Home

Algebra and Pre-Algebra Lessons

Algebra 1 | Pre-Algebra | Practice Tests | Algebra Readiness Test

Algebra E-Course and Homework Information

Algebra E-course Info | Log In to Algebra E-course | Homework Calculator

Formulas and Cheat Sheets

Formulas | Algebra Cheat Sheets

Writing and Solving a System of Equations

Please help me to solve this problem:

From 1970-1990, the average annual per person consumption of whole milk in the U.S. dropped from 103 to 43 quarts. The average annual consumption of low fat milk rose from 25 to 60 quarts. For which years did the consumption of low fat milk exceed the consumption of whole milk?

Comments for Writing and Solving a System of Equations

Average Rating starstarstarstarstar

Click here to add your own comments

Dec 06, 2010
Rating
starstarstarstarstar
Writing and Solving a System of Equations
by: Karin

For this problem, you will need to write a system of equations. You will need to write an equation for the consumption of whole milk and one for low fat milk.

Before you can write the equation, we must identify two points for each. Since the consumption for whole milk states that it decreased from 103 to 43 quarts in 1990, we can identify the two points as:

Let 0 represent the year 1970

(0, 103) & (20,43)

In 1970(0 year), the consumption was 103 quarts. 20 years later in 1990, the consumption was 43 quarts.

So, now you will need to write an equation based on the linear regression of these two points.

First you will need to find the slope using the slope formula.

43 - 103
_________
20-0

The slope = -3.

We know that the y intercept is the point where x = 0. Our point (0,103) is the y-intercept. Therefore, the y-intercept, or b in the equation is 103.

So, now we have a slope of -3 and a y intercept of 103. The equation for whole milk is:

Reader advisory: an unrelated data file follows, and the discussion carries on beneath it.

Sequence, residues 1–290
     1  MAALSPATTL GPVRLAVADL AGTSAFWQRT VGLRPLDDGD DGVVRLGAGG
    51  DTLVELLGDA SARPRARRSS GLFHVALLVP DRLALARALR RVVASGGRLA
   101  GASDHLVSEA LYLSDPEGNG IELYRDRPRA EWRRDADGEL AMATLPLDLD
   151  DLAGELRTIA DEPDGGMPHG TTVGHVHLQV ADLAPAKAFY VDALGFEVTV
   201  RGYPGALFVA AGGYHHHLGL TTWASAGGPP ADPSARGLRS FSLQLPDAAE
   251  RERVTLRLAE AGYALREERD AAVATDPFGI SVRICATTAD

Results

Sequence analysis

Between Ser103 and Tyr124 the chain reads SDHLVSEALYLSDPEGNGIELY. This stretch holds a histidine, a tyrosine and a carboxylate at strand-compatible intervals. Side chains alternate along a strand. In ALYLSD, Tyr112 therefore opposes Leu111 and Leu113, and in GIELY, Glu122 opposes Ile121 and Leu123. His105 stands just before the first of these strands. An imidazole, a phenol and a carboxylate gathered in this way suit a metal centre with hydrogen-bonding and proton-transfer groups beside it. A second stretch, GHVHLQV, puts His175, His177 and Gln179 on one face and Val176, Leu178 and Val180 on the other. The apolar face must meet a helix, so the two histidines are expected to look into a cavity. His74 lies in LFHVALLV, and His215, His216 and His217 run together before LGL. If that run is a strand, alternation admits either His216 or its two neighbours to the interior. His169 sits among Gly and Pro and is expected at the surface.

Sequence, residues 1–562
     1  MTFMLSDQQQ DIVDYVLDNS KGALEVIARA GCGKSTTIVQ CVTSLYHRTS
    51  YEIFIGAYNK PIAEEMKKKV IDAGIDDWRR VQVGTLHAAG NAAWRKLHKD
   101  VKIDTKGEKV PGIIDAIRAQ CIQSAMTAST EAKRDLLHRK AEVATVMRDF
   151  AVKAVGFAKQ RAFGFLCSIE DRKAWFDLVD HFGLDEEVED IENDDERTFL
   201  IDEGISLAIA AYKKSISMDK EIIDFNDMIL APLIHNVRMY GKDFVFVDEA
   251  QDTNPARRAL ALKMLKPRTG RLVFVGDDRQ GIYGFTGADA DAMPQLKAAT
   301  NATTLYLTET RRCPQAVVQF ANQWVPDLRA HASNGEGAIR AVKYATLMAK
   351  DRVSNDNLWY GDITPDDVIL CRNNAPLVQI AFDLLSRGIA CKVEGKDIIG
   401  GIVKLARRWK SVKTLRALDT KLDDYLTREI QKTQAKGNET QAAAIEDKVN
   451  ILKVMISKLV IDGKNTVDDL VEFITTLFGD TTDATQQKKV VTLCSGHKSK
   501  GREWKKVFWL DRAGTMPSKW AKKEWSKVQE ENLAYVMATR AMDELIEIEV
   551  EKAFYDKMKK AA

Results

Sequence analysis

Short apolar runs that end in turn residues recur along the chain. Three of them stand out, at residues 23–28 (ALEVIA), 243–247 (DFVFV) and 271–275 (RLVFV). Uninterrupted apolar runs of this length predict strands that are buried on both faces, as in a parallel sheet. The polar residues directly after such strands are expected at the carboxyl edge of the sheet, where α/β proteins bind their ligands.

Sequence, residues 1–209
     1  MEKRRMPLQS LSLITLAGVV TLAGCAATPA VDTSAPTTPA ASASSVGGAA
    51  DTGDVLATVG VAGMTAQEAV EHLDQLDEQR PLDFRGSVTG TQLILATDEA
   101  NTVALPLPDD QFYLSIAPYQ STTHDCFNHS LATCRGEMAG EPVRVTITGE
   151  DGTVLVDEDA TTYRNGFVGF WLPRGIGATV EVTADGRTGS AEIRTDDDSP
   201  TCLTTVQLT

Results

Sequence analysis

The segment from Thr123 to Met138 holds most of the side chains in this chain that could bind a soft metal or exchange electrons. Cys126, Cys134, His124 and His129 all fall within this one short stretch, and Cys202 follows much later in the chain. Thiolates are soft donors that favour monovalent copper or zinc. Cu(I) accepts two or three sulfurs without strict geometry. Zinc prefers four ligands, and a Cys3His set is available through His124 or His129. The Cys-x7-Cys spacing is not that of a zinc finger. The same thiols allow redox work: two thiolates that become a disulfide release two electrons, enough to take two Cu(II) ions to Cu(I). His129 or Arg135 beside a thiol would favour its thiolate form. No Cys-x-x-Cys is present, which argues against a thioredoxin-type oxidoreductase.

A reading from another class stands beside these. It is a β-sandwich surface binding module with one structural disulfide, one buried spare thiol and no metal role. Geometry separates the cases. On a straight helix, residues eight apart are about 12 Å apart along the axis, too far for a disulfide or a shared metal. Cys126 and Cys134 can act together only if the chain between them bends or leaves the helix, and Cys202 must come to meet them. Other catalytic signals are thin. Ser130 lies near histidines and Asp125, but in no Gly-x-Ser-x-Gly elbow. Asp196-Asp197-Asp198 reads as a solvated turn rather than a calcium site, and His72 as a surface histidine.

y = -3x + 103

Now we need to repeat the process for low fat milk.

First identify your two points.

(0, 25) (20, 60)

The consumption was 25 quarts in 1970 and 60 quarts 20 years later in 1990.

So, we need to find the slope of these two points.

60 - 25
--------
20 -0

The slope = 1.75

Again, since the y-intercept is the point when x = 0, we know that the y-intercept is 25. (0,25)

So, we have a slope of 1.75 and a y-intercept of 25.

y = 1.75x + 25

Whole milk: y = -3x + 103
Low Fat Milk: y = 1.75x + 25

We know that whole milk is consumed more until a certain point. This point is the intersection of these two lines, or the solution. This is the point where the two types of milk are consumed in the same amounts.

The years following this point, will be the years in which low fat milk is consumed more. So, let's find the solution or the point of intersection.

I will use the substitution method to solve.

I will substitute the whole milk equation into the low fat milk equation.

-3x + 103 = 1.75x + 25

Now lets solve for x.

-3x + 3x + 103 = 1.75x + 3x + 25

103 = 4.75x + 25

103 - 25 = 4.75x + 25 - 25

78 = 4.75x

78/4.75 = 4.75x/4.75

16.42 = x

We know that 16.42 years after 1970, the milk consumption will be the same. This means that 17 years after 1970, low fat milk will be consumed more.

Let's check:

First we'll check 16 years later which is 1986.

Whole milk: y = -3x + 103
y = -3(16) + 103
y = 55 quarts for whole milk

Low Fat Milk: y = 1.75x + 25
y = 1.75(16) +25
y = 53 quarts for low fat milk.

So, in 1986, whole milk was still consumed more.

What happens in 1987, 17 years later?

Whole milk: y = -3x + 103
y = -3(17) + 103
y = 52 quarts for whole milk

Low Fat Milk: y = 1.75x + 25
y = 1.75(17) +25
y = 54.75 quarts for low fat milk.

Low fat milk is consumed more.

Therefore, in the years 1987- 1990, low fat consumption is more than whole milk consumption.

There are a lot of steps and I know that it can be confusing, but I hope that I've been able to help.

Karin

Click here to add your own comments

Join in and write your own page! It's easy to do. How? Simply click here to return to Students.


Like This Page?




Top of the Page

Connect and Follow Algebra Class



Copyright © 2009-2015 Karin Hutchinson ALL RIGHTS RESERVED